Disclaimer: 'Chuck' and all its affiliated characters and settings are the property of their respective owners. This fiction is written for entertainment only.
No profit was made. Not by me, at any rate.
A/N: 8 years & 9 months ago, I posted Hidden File Command from a half-functional internet station in Afghanistan. 8 years & 3 months ago, just after I got home, I posted the first part of it's sequel - Hidden File Application. I didn't finish it until 6 months ago.
Now it's finally time to bring the trilogy to it's conclusion with Hidden File Recovery.
This chapter goes out to The Dramatic Sneeze, ne71, gaaddict67, Deus Ex Sub Ubi, vandevere, BillAtWork, Airam4u, Canadian Chucky, and Lady of Pride. I'm thankful for every reviewer I've had, but you guys were here at the beginning; hopefully I'll see you at the finish line.
I'll do my best to get there in under 8 years. ;)
Colonel Edwin Guilford (USAF) would have called it an exhausting day, but when you line seven of those up in a row it makes for an exhausting week. It had only taken four or five of those to become an exhausting month, and after twelve of those...you get the idea. Now he sat at the end of the bar, peering into his glass and not-quite-celebrating yet another 'exhausting year' milestone.
Guilford had been a pilot for the United States Air Force since President Carter had been in office. He loved his job and he was damn good at it, spending his career piloting everything from a C-130 to an F-15 over every continent on the planet. But the years passed – as they tend to do – and with each promotion he found himself spending more time behind a desk than he did behind the stick.
It certainly wasn't all bad; rank came with its privileges. Just last year he'd been able to take one of those new F-22s out for a spin – something that the vast majority of Lieutenants and Captains could only dream of – and now he'd been made Wing Commander of the recently re-designated 341st Strategic Missile Wing, responsible for one of the Air Force's three remaining LGM-30 Minuteman III ICBM launch sites. It should have been the pinnacle of his career.
Instead he'd arrived to find an understaffed, mismanaged command and a facility that was in a truly alarming state of disrepair – particularly for a goddamn nuclear missile silo. He had reason to believe that several officers had been cheating on their monthly missile launch officer tests, and the cursory audit he'd ordered indicated that nearly fifty percent of unused nuclear weapons-related materials handled by the wing were incorrectly tracked or recorded. Despite his efforts to restore operations to a high standard, this command had been a goddamn nightmare from day one.
What had him glaring angrily at his double-scotch, however, was the 341st's recently-finalized operations budget. He could barely believe that the House Armed Services Committee had the nerve to not just cut the Wing's budget, but to turn around and devote additional funds to that money-pit of a signal intercept station. Every time the base's command staff tried to shut the station down, somehow the funds would appear to keep the godforsaken thing open for another quarter.
As a matter of professionalism, he made a point of never publicly voicing such negative opinions, but even he found it difficult to keep quiet in the face of such staggering absurdity.
"Unbelievable." He muttered, eyeing the bartender. "It's just un-fucking-believable. Giving an intercept station priority over a goddamn ICBM Unit."
For his part, the bartender didn't respond; he smiled awkwardly as he scanned the mostly-empty bar for someone – anyone – in need of a refill.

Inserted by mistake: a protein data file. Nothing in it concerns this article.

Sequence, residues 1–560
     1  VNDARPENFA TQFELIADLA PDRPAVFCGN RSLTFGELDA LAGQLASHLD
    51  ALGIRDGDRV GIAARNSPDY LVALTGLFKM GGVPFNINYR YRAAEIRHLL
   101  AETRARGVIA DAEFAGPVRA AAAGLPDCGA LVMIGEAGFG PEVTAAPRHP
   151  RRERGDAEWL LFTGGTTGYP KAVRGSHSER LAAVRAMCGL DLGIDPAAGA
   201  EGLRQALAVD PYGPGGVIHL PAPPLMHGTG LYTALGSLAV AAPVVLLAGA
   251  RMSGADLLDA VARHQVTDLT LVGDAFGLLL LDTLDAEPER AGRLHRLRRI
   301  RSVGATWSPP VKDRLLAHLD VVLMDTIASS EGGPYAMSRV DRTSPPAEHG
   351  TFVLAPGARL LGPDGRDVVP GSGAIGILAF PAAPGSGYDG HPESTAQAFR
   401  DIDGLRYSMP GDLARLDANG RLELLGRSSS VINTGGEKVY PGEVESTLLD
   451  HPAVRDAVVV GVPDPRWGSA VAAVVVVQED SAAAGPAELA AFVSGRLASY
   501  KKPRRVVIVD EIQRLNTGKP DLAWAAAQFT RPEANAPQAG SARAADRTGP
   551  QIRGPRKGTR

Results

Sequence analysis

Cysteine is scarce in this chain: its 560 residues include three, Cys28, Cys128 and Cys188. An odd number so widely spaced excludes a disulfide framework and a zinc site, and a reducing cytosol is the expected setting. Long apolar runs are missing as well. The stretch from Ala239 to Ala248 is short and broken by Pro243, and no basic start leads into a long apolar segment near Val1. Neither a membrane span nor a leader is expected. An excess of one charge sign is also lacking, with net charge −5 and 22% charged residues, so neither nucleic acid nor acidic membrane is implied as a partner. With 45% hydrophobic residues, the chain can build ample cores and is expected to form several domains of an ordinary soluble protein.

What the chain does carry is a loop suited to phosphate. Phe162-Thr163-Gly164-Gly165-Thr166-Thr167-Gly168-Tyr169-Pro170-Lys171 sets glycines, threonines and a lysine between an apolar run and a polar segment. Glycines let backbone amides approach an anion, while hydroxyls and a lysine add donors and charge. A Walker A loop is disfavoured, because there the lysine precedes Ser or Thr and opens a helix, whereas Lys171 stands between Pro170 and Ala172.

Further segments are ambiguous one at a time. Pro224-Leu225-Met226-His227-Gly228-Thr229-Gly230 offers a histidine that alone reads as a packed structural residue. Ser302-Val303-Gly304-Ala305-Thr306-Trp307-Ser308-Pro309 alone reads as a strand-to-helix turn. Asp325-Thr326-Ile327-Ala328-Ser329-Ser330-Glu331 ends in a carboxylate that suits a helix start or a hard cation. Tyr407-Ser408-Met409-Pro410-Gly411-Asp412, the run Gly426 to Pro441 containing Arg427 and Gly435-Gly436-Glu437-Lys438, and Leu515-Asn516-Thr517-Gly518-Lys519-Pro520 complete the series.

"And a Navy intercept station, no less!" The Colonel growled, bringing his fist down on the bar. "A useless gaggle of land-locked squids under the command of a Jarhead; a forty-year-old butterbar!"
Guilford paused as his brain caught up with his mouth. Pinching the bridge of his nose, he took a deep breath and willed himself to calm down. Cathartic as it may have been, his outburst had been totally inappropriate – the kind of temper tantrum that was unbecoming of a senior officer and a detriment to base morale.
He peered into his glass again and wondered – not for the first time – whether it was time to move on. Ella had been dropping increasingly frequent hints about retirement, and to be honest it didn't seem as frightening as it had a few years ago. He had more than enough years to retire on a full pension.
Pushing the remainder of his drink away, he resolved to bring the topic up that night at dinner. But as he turned to leave, idly chewing on a few bar peanuts, he was alarmed to find Second Lieutenant Casey glaring at him from across the room.
Guilford stumbled back a step when Casey rose from his seat with unsettling speed; the murderous glint in the Marine's eyes was more than slightly unsettling. He opened his mouth to address the junior officer, but no sound came out. Though a sudden irrational panic gripped the Colonel when he realized his inability to breathe, it was somehow less terrifying than Casey's steady approach.
As tinges of red began to creep into the edges of his vision, the last thing Edwin Guilford felt was the inescapable pressure of Casey's iron grip.
That said, the Colonel isn't actually relevant to this story.
HIDDEN FILE RECOVERY
Second Lieutenant John Casey (USMC) sat outside the small bungalow house he begrudgingly called home, nursing a beer and faintly growling as he skimmed over a recent batch of reports.
After the dust settled following the debacle in Los Angeles - and in the wake of the ensuing Congressional witch-hunt - the Pentagon had bust him all the way down to the bottom of the food chain and banished him to the deepest, darkest hole they could find; the Naval Computer Transmission/Telecommunications Area Master Intercept Station Central Detachment located at 3800 feet ASL and about 16 miles south of Great Falls, Montana.
On paper, the strategic purpose of the NCTTAMIS-CENT-DET (or "Nactattamiscentdett" if you were in a hurry) was the detection and tracking of signals between potential domestic terrorist elements through the interception and investigation of transmissions in the localized area. In reality, Casey and a team of perpetually terrified technicians sat in a small concrete room listening to truckers on the Interstate compare truck stop waitresses over their CB radios and recording them for posterity - for eleven hours a day.